Jan
13
comment Is it possible for my password to have more than one password combination?
In this context, it means approximately equals; it has other meanings in other math contexts, see en.wikipedia.org/wiki/Tilde#Mathematics . The main reason for not using the slightly clearer ≃ is that unicode is harder to type. As for where it comes from 2^256 = 115792089237316195423570985008687907853269984665640564039457584007913129639936 = 1.1579... x 10^77 ~ 10^77 (I originally had off-by-one typo). If you want to find what power it is you could just set 2^256 = 10^x then take the log of both sides and use well-known properties of logs to find x = 256 log(2) / log(10) ~ 77.
Jan
8
comment Does holding an AES-encrypted string and its cleartext from a database help an attacker in decrypting other parts of the database
Not saying anything is wrong with Xander's answer, but feel like adding that this answer assuming AES (the block cipher encryption function) is being used properly then it will be CPA-secure (as far as we know). If you used AES in say ECB mode (which should never be used), then an attacker can do chosen plaintext attacks on your database by encrypting various likely plaintexts and seeing wherever it matches encrypted data. Or if you used AES in CTR mode but the same seed is used to encrypt different data, then you've lost semantic security if the attacker can do chosen-plaintext attacks.
Jan
2
comment GET Security over HTTPS
As well as Is there a difference between GET and POST for web application security? and probably several other questions.
Jan
2
comment Are zip codes considered to be personal identifying information?
@JanDoggen Really it depends on the legal authority and the specific use. It's probably safest to assume for personal use that it is PII and to appropriately deidentify as HHS suggests, but in most cases the five-digit zip alone will not be able to uniquely identify individuals.
Jan
2
comment Are zip codes considered to be personal identifying information?
I didn't directly answer it, because like many questions its not a simple yes/no. If your health care provider mails you a letter and your zip code is showing on the outside of an envelope to your mail carrier, is that a privacy breach? Obviously it would be if they printed your SSN, date of birth, credit card number on the envelope it would be. Or if only one family resides in a zip code and you are listed as a customer your privacy was violated (though this rare case happens for about 0.00001% of Americans), so it would break HIPAA to publicly state someone from 30334 had illness X.
Jan
1
comment Avoid unauthorized updating of online leaderboard php/sql
If a player submits a series of moves to your server that would produce a high score, your server checks that those moves give the player an appropriate high score even when the game was entirely played offline. Granted this doesn't validate that a human actually found those moves to play on an actual device (versus wrote an AI program to play the game well), but you'll never be able to verify it was done by humans without actually having trustworthy judges watch the human play the game. (And you can add in randomization by treating the seed to your RNG as part of the solution).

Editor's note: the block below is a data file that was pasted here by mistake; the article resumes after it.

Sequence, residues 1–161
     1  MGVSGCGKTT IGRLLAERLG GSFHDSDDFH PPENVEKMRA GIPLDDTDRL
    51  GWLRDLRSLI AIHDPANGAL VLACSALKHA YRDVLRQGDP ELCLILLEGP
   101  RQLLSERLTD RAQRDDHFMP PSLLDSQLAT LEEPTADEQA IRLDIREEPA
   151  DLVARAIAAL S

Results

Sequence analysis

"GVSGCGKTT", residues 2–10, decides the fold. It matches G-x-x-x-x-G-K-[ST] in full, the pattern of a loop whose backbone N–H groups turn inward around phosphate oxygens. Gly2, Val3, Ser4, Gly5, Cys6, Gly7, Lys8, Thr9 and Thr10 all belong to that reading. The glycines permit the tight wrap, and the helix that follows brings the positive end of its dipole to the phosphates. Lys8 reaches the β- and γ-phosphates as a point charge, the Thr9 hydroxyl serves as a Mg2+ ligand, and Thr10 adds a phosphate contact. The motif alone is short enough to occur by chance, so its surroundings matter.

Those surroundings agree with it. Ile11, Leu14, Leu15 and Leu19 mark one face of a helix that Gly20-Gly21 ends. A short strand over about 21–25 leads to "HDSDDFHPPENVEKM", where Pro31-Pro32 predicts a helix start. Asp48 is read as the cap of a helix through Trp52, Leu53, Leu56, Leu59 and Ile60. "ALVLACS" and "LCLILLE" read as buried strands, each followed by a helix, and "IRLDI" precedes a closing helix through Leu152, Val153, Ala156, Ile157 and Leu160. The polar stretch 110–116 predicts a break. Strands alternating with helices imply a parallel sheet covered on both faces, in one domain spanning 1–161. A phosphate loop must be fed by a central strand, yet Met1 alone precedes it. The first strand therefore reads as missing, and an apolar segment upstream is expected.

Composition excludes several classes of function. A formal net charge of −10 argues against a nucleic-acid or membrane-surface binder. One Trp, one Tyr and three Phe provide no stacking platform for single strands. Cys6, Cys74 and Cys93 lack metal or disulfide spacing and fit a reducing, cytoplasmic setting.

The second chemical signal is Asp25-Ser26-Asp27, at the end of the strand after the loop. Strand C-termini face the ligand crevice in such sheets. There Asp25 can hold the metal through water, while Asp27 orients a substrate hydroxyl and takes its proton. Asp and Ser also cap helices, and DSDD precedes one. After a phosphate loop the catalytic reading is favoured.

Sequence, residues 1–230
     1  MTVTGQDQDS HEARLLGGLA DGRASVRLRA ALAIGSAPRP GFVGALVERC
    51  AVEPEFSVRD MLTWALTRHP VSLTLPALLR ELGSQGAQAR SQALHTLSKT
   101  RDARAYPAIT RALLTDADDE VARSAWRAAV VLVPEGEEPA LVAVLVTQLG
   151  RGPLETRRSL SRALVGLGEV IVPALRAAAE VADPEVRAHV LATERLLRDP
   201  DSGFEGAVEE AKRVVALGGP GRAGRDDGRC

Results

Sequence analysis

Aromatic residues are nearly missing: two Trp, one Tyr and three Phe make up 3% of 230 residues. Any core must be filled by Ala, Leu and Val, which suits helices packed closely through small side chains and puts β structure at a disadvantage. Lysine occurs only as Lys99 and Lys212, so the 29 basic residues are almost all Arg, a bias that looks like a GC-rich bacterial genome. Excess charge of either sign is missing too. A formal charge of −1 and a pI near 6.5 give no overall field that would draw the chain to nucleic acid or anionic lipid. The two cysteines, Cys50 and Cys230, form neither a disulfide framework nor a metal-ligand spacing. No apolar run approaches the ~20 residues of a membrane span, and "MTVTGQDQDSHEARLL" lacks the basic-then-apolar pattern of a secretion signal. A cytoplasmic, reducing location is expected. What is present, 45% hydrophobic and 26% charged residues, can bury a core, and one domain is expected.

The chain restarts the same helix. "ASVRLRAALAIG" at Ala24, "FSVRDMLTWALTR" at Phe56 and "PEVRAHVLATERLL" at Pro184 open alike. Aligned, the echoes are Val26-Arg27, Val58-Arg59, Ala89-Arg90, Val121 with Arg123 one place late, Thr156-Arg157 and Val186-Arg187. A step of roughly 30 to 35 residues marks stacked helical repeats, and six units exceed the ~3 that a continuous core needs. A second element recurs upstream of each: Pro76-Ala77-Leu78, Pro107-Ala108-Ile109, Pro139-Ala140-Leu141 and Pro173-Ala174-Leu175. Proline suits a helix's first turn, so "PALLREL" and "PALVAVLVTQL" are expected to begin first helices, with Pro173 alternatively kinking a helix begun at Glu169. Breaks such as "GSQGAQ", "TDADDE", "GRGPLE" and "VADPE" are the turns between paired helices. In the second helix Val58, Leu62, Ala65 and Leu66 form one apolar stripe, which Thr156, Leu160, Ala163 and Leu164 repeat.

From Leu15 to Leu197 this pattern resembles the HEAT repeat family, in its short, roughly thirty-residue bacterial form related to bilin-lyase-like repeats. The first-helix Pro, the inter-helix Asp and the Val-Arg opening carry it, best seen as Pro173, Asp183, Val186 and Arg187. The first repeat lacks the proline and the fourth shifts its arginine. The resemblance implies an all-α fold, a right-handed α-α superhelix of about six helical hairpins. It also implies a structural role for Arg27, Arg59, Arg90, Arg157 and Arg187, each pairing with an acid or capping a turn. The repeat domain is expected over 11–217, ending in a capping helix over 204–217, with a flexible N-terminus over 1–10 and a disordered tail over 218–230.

Jan
1
comment Avoid unauthorized updating of online leaderboard php/sql
In regards to (1), plenty of games played offline require you to download new levels prior to play. Offline in this context means no internet required while playing. In regards to (2) no, it doesn't require scores to be accepted from unmodified devices. It just requires your trusted server receiving submitted solutions to check the score produced by those moves. For example, say you wrote a Pacman clone that had no randomization (ghost actions only depend on your movements) and a discrete timer of moves (e.g., moves are only registered every tenth of second of the video game clock).
Jan
1
comment Avoid unauthorized updating of online leaderboard php/sql
Second, I agree this won't work for a mobile game with completely open source code that you can run on untrusted hardware. But I think it's worthwhile to say that while difficult this problem can be solved on trusted hardware that only runs trusted unmodified software (and this is how online high scores work for video games running on xbox, playstation, etc). And nothing in the question prevents this -- someone could design hardware devices that run a modified android that only runs signed javascript applications and digitally signs submitted scores.
Jan
1
comment Avoid unauthorized updating of online leaderboard php/sql
@TTT - First, about server time vs client time, reread what I wrote -- we are in agreement. I never said anything about trusting a client submitted time. I said you only trust the time that it was submitted as given by the server's clock and then validated server-side to work to produce a given score. I never said anything about looking at a client's time or the client submitting a time. E.g., a puzzle was released at noon and your leaderboard consists of the first people who submitted valid solutions with the times received by the server.
Dec
22
comment is g-zipping assets a security concern?
If the compression is done actively and includes compression of secrets (e.g., session cookies) there can be active attacks to steal those secrets, for example CRIME (where you guess parts of the secret and look for reduction in the compressed content when the guess is correct). That said in serving static resources (with no secret tokens included), there isn't a legitimate reason to not compress the static resource.